Travels Through Middle Earth by Alaric Albertsson
Thank you, Crossed Crow Books for sending us three books to read and review. Two of which I had previously, and am enjoying reading them again.
Travels Through Middle Earth is a good introduction to Anglo-Saxon Heathenry that may be of interest to those interested in Heathenry, but not necessarily Asatru. It is not a ‘How-to’ so much as a ‘what it’s like.’
One may wonder why Witches are concerned with this book at all.
Lemme tell ya, our Tradition has a long history with Germanic subjects, from some of the greatest "Norse Rings' ever, to virtually annual Rune classes going back to the 90s. We have very strong Heathen roots, knowledge and practices. And so I appreciate the ‘don’t approach Gods like a soda machine’ bit, the advice about not stressing over just one Deity (we do not require, nor do we recommend concentrating on one Deity, or even pantheon), and especially piety. The author asks if you don’t have a certain amount of time in a month to spend with the Gods, “are you really Pagan at all?” He touches on the subject of worship/work with, (it’s WORSHIP for me, thank you), and dispels the notion that ancient pre-christian people cowered in the face of Nature.
I like that he kept the Runes chapter brief, ascribing their Rune Poems to them only. I like that Alaric mentions same sex weddings, and to adjust gendered wording to fit. Dig the mead chapter! I am also thankful for the glossary defining the exotic words… You can however read with a critical eye the first chapter “Who Were The Anglo- Saxons?” particularly pages 9 and 10, as the author’s ramblings about exotic polytheism vs. “their own backyard” polytheism is utterly ridiculous. I am surprised it made it into this new edition. And while I don't use the 'Blank Rune' his railing against it has a very 'get off my lawn' feel to it.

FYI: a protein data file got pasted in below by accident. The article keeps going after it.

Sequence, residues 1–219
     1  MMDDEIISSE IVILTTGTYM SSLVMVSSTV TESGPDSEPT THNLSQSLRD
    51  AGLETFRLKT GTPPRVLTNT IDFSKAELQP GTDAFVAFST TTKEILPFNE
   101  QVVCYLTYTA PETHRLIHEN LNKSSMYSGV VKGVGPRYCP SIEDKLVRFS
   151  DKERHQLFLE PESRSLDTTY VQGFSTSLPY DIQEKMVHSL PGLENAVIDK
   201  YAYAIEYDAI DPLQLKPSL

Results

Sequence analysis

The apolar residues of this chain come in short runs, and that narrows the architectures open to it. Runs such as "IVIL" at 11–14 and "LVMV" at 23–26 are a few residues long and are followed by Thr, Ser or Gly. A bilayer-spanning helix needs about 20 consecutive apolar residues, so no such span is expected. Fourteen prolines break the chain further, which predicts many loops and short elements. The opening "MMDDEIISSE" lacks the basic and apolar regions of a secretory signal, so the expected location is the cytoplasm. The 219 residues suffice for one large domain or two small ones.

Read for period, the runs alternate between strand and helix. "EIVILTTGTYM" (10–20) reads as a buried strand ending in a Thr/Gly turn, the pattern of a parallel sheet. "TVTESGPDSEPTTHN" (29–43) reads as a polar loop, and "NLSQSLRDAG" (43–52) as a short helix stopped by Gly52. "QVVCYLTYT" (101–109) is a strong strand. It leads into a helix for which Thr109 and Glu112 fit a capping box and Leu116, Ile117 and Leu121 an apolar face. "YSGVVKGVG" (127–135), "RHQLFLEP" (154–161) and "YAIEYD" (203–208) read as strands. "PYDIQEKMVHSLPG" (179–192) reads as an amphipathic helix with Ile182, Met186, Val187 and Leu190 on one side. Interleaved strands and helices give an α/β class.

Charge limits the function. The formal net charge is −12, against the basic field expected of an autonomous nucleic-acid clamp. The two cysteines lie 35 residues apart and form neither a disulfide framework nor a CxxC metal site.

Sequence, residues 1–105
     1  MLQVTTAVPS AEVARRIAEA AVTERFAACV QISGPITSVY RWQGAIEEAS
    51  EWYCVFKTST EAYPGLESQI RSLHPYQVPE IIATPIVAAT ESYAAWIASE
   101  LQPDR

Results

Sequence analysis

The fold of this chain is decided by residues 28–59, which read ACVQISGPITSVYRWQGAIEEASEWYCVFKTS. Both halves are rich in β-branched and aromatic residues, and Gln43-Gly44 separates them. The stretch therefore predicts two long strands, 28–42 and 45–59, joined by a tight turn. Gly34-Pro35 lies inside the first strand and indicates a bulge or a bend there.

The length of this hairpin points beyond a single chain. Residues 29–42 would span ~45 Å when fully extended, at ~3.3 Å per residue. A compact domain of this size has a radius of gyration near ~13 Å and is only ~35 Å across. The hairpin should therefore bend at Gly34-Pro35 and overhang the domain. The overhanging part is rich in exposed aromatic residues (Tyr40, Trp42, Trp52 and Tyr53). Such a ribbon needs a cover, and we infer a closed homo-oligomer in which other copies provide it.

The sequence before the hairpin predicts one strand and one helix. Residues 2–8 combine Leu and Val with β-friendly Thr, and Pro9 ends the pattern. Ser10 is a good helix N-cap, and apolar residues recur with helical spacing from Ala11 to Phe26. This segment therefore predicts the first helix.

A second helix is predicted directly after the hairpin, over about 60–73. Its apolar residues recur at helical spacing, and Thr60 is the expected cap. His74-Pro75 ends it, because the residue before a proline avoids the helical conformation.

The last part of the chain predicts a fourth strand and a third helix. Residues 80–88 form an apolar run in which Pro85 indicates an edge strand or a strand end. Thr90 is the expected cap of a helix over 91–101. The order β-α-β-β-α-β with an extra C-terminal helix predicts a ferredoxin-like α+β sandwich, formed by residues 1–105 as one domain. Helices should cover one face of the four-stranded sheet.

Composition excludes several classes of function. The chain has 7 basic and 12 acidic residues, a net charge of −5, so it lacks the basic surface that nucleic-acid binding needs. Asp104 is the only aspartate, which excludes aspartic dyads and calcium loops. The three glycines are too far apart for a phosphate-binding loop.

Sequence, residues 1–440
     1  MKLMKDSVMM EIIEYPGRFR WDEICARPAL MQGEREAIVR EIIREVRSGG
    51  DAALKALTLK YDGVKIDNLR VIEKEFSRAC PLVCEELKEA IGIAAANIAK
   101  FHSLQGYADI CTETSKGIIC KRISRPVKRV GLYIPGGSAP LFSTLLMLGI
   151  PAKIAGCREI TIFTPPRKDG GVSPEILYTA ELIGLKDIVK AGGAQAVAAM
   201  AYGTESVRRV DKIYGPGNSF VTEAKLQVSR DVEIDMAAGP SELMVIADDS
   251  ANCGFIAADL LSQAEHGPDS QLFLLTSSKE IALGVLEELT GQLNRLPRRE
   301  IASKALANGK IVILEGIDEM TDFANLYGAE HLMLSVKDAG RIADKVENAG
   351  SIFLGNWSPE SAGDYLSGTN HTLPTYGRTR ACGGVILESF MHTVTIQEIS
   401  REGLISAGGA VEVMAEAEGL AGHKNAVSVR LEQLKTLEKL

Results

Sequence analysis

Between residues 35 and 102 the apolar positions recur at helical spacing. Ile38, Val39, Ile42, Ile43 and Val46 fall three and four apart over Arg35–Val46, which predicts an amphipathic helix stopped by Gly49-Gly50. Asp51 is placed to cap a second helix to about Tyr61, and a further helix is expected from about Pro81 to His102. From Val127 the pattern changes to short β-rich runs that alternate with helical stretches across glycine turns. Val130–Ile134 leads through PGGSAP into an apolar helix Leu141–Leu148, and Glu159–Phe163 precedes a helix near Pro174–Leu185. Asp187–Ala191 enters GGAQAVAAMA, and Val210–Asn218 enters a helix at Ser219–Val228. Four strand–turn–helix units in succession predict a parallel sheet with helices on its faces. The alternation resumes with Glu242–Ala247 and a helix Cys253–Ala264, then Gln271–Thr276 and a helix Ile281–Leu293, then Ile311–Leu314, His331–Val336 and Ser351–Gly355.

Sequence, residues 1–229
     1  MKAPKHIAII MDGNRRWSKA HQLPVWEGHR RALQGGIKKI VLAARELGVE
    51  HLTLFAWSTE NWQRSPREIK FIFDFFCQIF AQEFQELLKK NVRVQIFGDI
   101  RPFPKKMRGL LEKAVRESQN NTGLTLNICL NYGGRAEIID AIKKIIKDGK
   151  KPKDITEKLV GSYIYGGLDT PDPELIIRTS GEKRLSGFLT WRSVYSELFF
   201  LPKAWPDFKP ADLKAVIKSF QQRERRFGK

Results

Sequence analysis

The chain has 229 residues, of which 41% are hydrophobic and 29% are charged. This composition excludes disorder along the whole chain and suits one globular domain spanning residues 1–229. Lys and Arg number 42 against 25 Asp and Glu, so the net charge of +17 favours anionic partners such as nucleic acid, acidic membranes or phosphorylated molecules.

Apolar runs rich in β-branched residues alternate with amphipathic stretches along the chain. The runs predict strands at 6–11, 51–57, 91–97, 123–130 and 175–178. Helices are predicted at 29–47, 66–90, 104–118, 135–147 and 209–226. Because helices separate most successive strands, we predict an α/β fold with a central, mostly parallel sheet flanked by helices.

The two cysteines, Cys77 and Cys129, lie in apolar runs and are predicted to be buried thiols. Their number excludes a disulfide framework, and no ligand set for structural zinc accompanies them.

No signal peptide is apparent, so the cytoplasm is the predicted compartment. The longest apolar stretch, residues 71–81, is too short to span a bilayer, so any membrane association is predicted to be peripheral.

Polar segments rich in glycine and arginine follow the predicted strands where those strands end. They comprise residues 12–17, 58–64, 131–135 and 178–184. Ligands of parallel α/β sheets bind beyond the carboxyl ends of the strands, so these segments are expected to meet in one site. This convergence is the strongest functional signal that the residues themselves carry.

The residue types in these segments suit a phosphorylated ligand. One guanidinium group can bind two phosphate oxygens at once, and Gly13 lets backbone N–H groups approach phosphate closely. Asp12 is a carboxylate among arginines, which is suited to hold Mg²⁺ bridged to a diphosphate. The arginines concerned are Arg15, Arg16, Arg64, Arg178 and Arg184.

There is also a conspicuous lack of citations for a book that talks so much history. You definitely do not want to take the history in this book as complete fact. This applies to virtually every magical book out there however.
This is not an overly thick book, and it is relatively easy to read. Do think of it as an introduction. There are only a few books that specialize in modern Anglo-Saxon practices, and this may be one you want to include, even if you are not English, but American...